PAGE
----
The 2017 NME Awards takes place this evening (February 15) at The O2 Brixton Academy. Ahead of the ceremony, NME's editor-in-chief Mike Williams spoke about the evolution of the event in the new issue of Music Week. With the awards coming hot on the heels of new ABC audited magazine circulation figures revealing that NME’s reach grew 0.6% in 2016 – with a free distribution total of 308,938 – it also seemed the perfect time to speak to Williams about how NME is performing since its rebranding in 2015.
In your opinion, how is NME doing in 2017?
Mike Williams: “Yeah, great. We’re really proud of what we’ve done, and I’m insanely proud of NME for being brave enough to do it, and my team for being able to bring it all to life. We had to take a huge risk and it’s paying off for us because we’re able to get our brand and our content and what we think about things out to as many people as possible. The fact that that number is growing across all platforms is remarkable. It’s not just that we’ve got a higher print number now, it’s the fact that people notice what we do a lot more than maybe they had done in the recent past, and people talk about it more and share it more, and other media talk about what we do more. That just naturally markets the brand to way more people. It just means that every week more people pick up the mag, and every day more people come to the website. It’s great. Long may it continue.”
You previously told Music Week that you wanted NME's cover to spark debate. Has that criteria changed at all in the past year or so?
“I think the important thing is that the person, or people, or message on the cover has to be really culturally relevant to the audience, whether that's because it’s the hot topic people are talking about and we’re going to give you our spin on it, whether it’s the biggest people in the world and we’re going to give them the NME Interview, or it's people we feel really passionately about. We want to have that feeling of the days when you would trust a record label, in that [you would buy a record] because it was on that label. We want you to be able to look at the emerging artists that we’re supporting and say, I don’t know who this is, but it’s on NME’s cover so I’m going to give it a chance.”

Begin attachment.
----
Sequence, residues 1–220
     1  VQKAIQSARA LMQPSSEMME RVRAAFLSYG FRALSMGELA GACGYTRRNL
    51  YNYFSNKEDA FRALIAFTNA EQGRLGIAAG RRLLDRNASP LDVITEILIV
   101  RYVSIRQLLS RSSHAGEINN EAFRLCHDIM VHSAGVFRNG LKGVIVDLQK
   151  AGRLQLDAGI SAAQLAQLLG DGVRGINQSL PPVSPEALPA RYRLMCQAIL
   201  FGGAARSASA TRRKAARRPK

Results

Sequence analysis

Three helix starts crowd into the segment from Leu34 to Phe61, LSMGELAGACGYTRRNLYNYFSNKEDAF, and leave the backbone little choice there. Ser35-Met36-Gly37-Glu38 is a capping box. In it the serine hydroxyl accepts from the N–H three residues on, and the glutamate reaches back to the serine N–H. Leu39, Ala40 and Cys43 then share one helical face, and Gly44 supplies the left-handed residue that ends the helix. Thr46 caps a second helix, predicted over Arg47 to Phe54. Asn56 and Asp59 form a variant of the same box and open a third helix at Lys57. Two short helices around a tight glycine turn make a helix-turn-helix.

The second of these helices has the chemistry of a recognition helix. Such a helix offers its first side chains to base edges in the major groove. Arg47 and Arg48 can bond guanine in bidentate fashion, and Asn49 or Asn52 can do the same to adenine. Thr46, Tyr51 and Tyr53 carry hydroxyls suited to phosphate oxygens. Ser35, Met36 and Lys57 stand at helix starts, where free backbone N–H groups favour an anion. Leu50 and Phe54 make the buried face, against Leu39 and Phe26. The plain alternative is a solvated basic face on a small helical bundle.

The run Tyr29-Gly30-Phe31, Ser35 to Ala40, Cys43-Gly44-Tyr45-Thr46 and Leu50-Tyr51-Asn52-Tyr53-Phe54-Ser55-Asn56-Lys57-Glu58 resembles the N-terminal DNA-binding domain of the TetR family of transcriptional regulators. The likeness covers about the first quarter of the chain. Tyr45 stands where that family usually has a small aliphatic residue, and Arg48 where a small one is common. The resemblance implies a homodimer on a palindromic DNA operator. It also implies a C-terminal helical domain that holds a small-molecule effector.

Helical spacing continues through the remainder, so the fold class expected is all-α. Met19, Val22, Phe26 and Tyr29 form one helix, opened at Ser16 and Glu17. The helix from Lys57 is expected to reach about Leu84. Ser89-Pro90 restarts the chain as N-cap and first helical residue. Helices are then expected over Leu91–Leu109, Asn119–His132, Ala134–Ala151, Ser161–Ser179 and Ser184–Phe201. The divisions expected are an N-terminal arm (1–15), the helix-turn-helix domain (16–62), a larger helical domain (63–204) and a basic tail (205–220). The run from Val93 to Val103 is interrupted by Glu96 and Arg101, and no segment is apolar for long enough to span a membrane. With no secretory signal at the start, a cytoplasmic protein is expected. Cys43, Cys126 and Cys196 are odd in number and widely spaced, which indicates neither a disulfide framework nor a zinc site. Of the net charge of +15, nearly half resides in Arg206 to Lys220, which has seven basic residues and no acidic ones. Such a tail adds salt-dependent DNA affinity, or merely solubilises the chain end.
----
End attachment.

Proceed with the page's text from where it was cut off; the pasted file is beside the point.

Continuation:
What are the key challenges ahead?
“It’s a tough market out there, we understand that and we’ve been smart in the way we’ve done stuff and faced the challenges head on by being flexible and adaptable. We can’t rest on our laurels and think we’ve cracked it. I think the main thing we’ve learned in this whole brand transformation is that we stood still for far too long and that got us into a place where we had some pretty big obstacles to climb over, and we don’t want to ever be in that place again. We’re not going to stand still again. This isn’t us saying we know the secret formula now, this is us saying we’ve climbed over a huge obstacle and we’re going to keep on adapting and keep on evolving because things change. I think brands who struggle are ones that don’t understand how fast the audience move and assumes that if you’ve got somebody engaging with you today, they’ll be engaging with you tomorrow. New stuff happens all the time, people move really quickly, and there’s too many examples of the audience moving before the industry knows they’ve moved. That’s one thing we want to make sure of: that we never stand still, that we’re always looking at how we can evolve our print product, the digital output and new social platforms.”